Whole-house ventilation systems are appealing to many homeowners, simply because the importance of ventilation is something that most people recognize. While we generally think of our homes as being a safer and more controlled environment than the outdoors, that environment has its problems—namely, interior air quality. According to the EPA, indoor levels of air pollutants are typically between two and five times higher than outdoor levels. In extreme cases, pollutant levels can be 100 times higher indoors than they are outside. Proper ventilation is vital in any home because it helps expel these pollutants out of the indoor environment rather than recirculating them repeatedly. Whole-house ventilation systems are appealing because, as the name implies, they take a more comprehensive approach to ventilation.
Whole-House Ventilation Systems and Why They Are Useful
The National Renewable Energy Laboratory does a good job of defining whole-house ventilation systems—both in terms of how they work and why they are useful. These systems use multiple fans and ducts to exhaust stale air or supply fresh air to the home. They also offer a better exchange of indoor air with outdoor air than the average HVAC system. This ongoing exchange of air helps keep the air in the home fresher and avoids the buildup of pollutants that can cause serious health problems if circulated throughout the home. Of course, other steps—such as regular air duct cleaning—can also help combat contaminants in the home.
Describing the benefits of whole-house ventilation beyond these basics can get complicated, in part because this type of ventilation system doesn’t fall into just one category of HVAC design. Instead, there are four different types of whole-house systems: exhaust, supply, balanced, and energy recovery. See below for a brief description of how each of these types of ventilation systems works.
Exhaust ventilation systems are designed to “depressurize” your home or to drop the air pressure inside your home so that it is at or lower than outdoor air pressure. This process uses exhaust fans to propel used, stale air out of the house through vents. Usually, exhaust systems are simple, made up of just one fan and one exhaust vent. The reduced air pressure then leaves a vacuum to be filled, which allows the home to draw air naturally in from the outdoors. This process is accomplished by passive vents located throughout the house, windows, or other small leaks in the building shell.
This type of system is attractive because it is simplistic, efficient, and inexpensive. By relying on the concept of pressure equilibrium, it provides a natural way to draw fresh air into the house replace recently exhausted air. Unfortunately, it also has its drawbacks. There is no control mechanism to ensure that the system is only drawing in fresh air, which means pollutants can easily make their way into the home following depressurization. In hot or humid climates, moisture tends to get pulled in, which can damage window frames and wall cavities over time. There is even a risk that the depressurization process can cause backdrafts with combustion appliances.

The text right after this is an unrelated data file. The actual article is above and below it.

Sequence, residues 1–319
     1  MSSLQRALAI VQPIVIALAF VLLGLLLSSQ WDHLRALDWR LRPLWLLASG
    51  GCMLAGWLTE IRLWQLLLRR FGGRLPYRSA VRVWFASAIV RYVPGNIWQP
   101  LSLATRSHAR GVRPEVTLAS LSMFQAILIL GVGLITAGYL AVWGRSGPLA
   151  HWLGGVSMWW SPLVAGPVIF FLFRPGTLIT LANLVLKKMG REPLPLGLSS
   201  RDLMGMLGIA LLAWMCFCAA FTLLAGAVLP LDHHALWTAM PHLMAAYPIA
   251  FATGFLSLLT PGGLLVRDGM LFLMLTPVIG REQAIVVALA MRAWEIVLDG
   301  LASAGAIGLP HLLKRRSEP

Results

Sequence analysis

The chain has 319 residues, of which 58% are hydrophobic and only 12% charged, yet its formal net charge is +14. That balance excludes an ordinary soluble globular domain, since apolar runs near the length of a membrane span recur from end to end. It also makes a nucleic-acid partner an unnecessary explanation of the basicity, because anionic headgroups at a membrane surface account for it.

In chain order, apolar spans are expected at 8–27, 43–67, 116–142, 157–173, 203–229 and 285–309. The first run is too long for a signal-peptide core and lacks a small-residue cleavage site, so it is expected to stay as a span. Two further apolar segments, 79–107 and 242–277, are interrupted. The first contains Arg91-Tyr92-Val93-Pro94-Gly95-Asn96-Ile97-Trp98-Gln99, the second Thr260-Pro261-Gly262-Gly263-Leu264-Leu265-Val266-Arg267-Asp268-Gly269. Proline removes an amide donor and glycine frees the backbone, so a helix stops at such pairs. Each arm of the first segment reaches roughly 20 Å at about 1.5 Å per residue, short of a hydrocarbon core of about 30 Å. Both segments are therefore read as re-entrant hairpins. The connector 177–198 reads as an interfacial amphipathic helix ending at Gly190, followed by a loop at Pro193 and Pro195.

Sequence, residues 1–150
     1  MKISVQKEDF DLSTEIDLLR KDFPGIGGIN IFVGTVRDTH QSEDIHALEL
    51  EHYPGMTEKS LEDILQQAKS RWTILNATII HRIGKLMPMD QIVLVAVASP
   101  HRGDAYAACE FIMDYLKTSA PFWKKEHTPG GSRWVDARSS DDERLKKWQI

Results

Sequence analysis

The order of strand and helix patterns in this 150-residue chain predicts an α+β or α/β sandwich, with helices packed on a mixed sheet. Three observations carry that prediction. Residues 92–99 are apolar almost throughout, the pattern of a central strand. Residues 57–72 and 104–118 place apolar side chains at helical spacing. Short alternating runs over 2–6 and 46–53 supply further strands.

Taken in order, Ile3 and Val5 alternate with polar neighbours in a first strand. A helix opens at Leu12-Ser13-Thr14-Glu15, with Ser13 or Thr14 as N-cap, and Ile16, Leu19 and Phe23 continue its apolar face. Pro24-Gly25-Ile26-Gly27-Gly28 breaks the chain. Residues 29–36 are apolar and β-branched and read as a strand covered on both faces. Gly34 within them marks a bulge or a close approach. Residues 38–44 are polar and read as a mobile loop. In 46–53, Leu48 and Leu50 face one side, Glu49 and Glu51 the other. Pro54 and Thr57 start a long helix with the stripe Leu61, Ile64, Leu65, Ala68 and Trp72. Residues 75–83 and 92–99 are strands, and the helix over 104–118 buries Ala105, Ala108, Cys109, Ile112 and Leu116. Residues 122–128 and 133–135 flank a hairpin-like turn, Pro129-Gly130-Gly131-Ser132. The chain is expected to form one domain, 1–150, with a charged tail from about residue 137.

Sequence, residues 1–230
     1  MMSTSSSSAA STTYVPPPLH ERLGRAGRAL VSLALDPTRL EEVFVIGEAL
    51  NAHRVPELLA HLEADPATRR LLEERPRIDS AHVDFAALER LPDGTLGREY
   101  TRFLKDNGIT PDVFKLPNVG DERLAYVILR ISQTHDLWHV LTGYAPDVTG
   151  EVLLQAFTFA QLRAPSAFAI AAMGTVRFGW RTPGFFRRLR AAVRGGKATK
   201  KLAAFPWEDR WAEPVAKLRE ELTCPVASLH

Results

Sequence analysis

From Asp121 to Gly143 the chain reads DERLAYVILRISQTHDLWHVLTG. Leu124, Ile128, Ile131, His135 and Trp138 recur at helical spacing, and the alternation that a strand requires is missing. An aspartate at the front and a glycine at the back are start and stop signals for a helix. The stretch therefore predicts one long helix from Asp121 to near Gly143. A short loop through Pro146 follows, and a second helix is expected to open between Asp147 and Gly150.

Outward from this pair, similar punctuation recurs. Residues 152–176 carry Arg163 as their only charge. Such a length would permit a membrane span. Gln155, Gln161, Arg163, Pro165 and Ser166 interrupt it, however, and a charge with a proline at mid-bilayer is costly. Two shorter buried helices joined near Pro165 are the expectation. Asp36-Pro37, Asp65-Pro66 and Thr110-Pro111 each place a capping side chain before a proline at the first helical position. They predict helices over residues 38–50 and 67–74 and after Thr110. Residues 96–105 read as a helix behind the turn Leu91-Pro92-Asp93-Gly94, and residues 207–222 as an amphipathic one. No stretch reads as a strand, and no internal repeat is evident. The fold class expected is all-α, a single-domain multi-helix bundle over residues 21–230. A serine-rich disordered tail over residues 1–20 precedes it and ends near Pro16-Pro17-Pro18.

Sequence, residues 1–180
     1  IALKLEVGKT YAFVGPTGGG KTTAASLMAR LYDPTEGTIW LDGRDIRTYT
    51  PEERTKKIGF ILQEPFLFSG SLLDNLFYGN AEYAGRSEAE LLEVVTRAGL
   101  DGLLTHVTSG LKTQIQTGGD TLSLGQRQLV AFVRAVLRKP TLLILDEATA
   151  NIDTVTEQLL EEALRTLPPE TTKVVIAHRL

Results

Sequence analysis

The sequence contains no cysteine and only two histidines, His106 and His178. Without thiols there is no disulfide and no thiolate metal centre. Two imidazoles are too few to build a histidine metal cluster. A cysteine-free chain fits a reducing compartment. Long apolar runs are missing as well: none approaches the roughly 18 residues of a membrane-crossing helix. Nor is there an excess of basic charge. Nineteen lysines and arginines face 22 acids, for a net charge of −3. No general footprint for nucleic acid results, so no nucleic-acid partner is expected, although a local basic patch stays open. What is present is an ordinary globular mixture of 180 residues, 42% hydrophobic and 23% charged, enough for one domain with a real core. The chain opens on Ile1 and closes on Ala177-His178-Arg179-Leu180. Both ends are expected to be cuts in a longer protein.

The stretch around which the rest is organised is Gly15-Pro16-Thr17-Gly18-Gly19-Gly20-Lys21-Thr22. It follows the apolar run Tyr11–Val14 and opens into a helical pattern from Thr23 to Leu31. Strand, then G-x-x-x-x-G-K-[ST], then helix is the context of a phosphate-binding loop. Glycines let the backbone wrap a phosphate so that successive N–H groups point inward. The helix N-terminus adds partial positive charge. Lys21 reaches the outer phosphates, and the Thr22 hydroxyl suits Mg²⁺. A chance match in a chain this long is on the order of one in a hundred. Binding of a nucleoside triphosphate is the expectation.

For all these reasons, exhaust systems are not typically the top choice for architects thinking about whole-house ventilation. If they are used, it’s usually in colder climates where humidity concerns aren’t an issue.
Supply systems are the opposite of exhaust systems. Instead of using an exhaust fan to depressurize the home and expel stale air, these systems use supply fans to pressurize your home and force outside air into the dwelling. In turn, the air that is already in the house is forced out, leaking through windows, vents, ducts, and small holes in the building shell.
As with exhaust systems, a major benefit of supply systems is their simplicity. They also offer numerous advantages over exhaust ventilation, though. For one thing, they can better regulate the air that is being pulled into the house, filtering out pollutants such as pollen or dust. For another thing, they don’t risk the backdraft problems that exhaust systems can cause. Unlike exhaust systems, though, supply ventilation designs are not ideal for colder climates. They can lead to considerable condensation during the winter, eventually causing water damage.
As the name implies, balanced systems offer something of a happy medium between exhaust and supply systems. Rather than pressurizing or depressurizing the home, these systems seek to pull in as much fresh outside air as they are exhausting stale inside air. As such, these systems are a bit more complex, utilizing two different fans and two different duct systems—one each for exhaust and supply. These systems strategically exhaust air from rooms where pollutants tend to be most concentrated (kitchens, bathrooms, and laundry rooms) and to supply fresh air where inhabitants spend most of their time (bedrooms, particularly, as well as living room spaces).
Energy recovery systems (also known as heat recovery systems) are technically a type of balanced system. They work in much the same way, plus an additional component: a heat recovery or energy recovery ventilator. A big shortcoming of exhaust, supply, and balanced systems is that they don’t temper the temperature of the air entering your house. As a result, they can bring hot air into the home during summer, or cold air in the winter—thus requiring extra activity from your HVAC system. An energy recovery ventilator helps by using the exhaust air to either heat or cool the supply air, depending on the season. This process reduces the impact of ventilation on HVAC efficiency.
As you can see, balanced and energy recovery systems are the best all-around whole-house ventilation systems in most climates, but some homes can work well with exhaust or supply systems. Consult with your HVAC technician to determine which system is best for your home.